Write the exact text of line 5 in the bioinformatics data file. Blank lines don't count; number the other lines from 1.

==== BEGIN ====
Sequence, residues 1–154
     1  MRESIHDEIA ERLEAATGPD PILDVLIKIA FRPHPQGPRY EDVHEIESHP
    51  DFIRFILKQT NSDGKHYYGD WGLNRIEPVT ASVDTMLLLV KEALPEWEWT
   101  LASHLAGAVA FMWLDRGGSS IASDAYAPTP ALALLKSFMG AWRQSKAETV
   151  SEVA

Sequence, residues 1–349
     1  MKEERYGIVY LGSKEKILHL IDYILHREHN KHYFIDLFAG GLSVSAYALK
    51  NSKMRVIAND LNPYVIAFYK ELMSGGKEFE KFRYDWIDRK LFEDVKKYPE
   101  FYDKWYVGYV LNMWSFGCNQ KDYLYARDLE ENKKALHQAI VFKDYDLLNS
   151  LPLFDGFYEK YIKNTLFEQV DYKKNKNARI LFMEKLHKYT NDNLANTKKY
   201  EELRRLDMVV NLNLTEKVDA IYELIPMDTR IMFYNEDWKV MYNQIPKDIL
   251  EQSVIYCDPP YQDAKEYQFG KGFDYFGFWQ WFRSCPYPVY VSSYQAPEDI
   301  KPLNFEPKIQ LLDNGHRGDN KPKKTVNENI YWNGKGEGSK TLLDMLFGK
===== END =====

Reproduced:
   151  SEVA